Updated 2015 Prayer Service Packet
Now Featuring a Reflection on the Trafficking of the Image of St. Mary of Magdala
*Please note: if you are ordering printed resources for your July 22nd celebration we must receive your order by July 1 or your resources may be late. Please contact our office if you are in need of additional assistance.
- Human Trafficking: More Information
- Blog Post: Mary of Magdala's Best Friend and Advocate
- "Tell us, Mary, what you saw on the way" Stories of Origin and the Question before the Church Today view the presentation by Sr. Elizabeth Johnson at Fordham University (May 13, 2015)
(we recommend viewing the presentation in Google Chrome if you are able to do so, if you are loading in
another browser please pause the video for a few moments and allow it to load before pressing play)
handout for presentation
- Truth About Mary Magdalene Could Open Doors for Women in the Church, Scholar Says
For centuries, Mary Magdalene has been portrayed within the Christian faith as a former prostitute who repented her sins and became one of Jesus’ most dedicated followers.
In fact, Mary of Magdala was one of Jesus’ most influential apostles—and she was not a prostitute, said Distinguished Professor of Theology Elizabeth Johnson, CSJ, at Fordham’s Lincoln Center campus on April 14. Mary kept vigil at the cross throughout Jesus’ crucifixion, discovered the empty tomb after Jesus’ resurrection, and was then commissioned to “go and tell” the good news. read more at Fordham News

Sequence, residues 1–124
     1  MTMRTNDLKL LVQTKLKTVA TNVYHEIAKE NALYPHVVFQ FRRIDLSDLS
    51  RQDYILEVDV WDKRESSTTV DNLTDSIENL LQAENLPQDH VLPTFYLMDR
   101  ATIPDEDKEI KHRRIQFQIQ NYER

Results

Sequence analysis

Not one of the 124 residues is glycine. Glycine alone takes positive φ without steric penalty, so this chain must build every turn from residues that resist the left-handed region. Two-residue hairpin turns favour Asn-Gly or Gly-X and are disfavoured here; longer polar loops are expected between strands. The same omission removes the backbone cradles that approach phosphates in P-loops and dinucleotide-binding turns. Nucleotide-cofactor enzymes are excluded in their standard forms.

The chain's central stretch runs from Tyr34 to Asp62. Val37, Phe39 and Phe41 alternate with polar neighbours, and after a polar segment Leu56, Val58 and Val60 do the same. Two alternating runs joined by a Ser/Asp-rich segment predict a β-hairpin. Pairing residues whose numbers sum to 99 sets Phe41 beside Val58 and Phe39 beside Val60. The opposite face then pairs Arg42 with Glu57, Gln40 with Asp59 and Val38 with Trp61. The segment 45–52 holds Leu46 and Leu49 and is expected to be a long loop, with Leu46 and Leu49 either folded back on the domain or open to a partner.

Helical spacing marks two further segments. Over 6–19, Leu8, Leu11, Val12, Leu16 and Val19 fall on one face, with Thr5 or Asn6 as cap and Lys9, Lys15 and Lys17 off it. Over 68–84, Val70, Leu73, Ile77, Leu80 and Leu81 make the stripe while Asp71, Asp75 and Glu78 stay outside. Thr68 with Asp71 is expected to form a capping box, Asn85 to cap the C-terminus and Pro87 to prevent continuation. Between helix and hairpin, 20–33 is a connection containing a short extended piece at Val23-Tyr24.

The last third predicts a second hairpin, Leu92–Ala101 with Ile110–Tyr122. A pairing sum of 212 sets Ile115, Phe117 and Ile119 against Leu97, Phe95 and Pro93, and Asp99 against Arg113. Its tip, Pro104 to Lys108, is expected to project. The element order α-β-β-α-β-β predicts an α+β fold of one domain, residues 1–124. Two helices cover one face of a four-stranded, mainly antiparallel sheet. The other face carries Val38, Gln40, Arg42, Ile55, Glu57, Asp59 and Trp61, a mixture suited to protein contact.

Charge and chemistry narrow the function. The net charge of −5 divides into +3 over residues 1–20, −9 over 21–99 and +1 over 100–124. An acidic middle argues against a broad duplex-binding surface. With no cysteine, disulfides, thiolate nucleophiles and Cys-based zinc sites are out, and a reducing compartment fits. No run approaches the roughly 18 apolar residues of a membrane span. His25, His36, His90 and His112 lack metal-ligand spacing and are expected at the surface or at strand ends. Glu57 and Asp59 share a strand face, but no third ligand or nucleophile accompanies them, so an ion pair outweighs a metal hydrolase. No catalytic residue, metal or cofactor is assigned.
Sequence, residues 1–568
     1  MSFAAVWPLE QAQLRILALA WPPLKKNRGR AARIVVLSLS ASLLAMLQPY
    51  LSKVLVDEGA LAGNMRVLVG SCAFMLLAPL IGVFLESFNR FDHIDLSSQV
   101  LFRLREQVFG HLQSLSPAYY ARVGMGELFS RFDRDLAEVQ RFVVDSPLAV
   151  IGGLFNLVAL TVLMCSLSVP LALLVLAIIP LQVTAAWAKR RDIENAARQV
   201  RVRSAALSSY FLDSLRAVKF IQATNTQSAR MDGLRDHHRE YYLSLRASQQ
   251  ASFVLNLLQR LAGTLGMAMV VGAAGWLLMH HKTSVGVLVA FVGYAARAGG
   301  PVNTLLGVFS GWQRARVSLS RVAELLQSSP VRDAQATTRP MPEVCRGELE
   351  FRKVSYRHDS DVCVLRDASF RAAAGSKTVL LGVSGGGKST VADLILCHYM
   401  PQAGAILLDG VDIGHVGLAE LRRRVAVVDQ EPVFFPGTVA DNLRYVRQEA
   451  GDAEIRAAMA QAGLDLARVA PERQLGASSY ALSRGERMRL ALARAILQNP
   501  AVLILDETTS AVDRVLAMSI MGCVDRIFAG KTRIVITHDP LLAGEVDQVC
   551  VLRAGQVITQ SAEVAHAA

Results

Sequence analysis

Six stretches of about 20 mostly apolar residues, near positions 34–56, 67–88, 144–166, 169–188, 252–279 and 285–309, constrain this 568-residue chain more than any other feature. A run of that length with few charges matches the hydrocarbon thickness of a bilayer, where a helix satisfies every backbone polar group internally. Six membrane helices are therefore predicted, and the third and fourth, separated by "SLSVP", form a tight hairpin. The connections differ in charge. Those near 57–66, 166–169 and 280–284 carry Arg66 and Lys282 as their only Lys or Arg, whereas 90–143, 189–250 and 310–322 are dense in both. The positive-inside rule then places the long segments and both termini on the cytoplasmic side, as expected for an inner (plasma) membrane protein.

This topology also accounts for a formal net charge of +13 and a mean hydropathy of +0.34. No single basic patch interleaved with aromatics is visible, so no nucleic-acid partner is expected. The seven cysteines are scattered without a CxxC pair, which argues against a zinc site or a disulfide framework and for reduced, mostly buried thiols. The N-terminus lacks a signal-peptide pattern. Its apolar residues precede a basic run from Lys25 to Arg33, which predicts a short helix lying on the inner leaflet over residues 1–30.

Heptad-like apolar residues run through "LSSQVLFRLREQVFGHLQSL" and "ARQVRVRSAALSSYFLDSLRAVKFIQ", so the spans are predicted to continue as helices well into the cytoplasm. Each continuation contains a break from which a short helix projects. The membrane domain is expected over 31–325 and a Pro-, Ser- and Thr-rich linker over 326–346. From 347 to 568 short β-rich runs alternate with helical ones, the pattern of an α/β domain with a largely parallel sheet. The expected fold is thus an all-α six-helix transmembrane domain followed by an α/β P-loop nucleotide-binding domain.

Apostle to the Apostles
Mary of Magdala is perhaps the most maligned and misunderstood figure in early Christianity. In Christian art and hagiography, Mary has been romanticized, allegorized, and mythologized beyond recognition. Since the fourth century, she has been portrayed as a prostitute and public sinner who, after encountering Jesus, repented and spent the rest of her life in private prayer and penitence. Paintings, some little more than pious pornography, reinforce the mistaken belief that sexuality, especially female sexuality, is shameful, sinful, and worthy of repentance. Yet the actual biblical account of Mary of Magdala paints a far different portrait than that of the bare-breasted reformed harlot of Renaissance art.
- Download a free brochure, prayer service, or organizing kit
- Let us know what your plans are for July 22, 2015